What you don’t get is the perspective of someone who had to engage in room clearing operations against people shouting Allahu Akbar, chopped boats and people to pieces with an M2 aboard a helicopter, who were boating across the Euphrates River after you had locked down Fallujah, or who constructed your FOB on your back handing sandbags over your head to the next Marine while you were being shot at.

I’m not recounting this brief history for fun – it wasn’t for my son.  I am mentioning it in order to explain what you do mainly get with this paper: happy face COIN, or the mythical story told to the masses in order to get them to support state-building across the pond.

The author sets up the article with this:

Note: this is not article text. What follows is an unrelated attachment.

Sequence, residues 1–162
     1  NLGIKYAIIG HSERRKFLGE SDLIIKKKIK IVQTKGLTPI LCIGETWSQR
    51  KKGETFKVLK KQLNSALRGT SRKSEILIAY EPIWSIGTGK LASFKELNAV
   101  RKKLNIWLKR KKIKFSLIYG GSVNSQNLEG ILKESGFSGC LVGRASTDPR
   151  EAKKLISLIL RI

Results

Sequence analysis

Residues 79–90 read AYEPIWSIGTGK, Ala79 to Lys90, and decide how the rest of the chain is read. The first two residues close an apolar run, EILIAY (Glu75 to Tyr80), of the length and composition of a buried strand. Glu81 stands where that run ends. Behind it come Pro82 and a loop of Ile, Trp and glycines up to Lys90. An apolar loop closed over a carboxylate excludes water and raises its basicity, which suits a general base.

The term counterinsurgency has long been associated with military operations and soldiers.  It conjures visions of violent urban combat action, population relocation, social engineering, and a tool for dealing with foreign political emergencies.  These visions are not inaccurate as they represent some of the methods and strategies used in COIN operations throughout history.  But these methods and strategies do not encapsulate all aspects of COIN.  As COIN operations shift from combat to peace keeping and community-building they begin to resemble traditional community policing activities in which the public servant controls through education and raising ethical stature in communities.  It is in the transitional phase – when the soldier transitions into the policeman and community facilitator – that COIN and Community policing share the same strategies and tactics.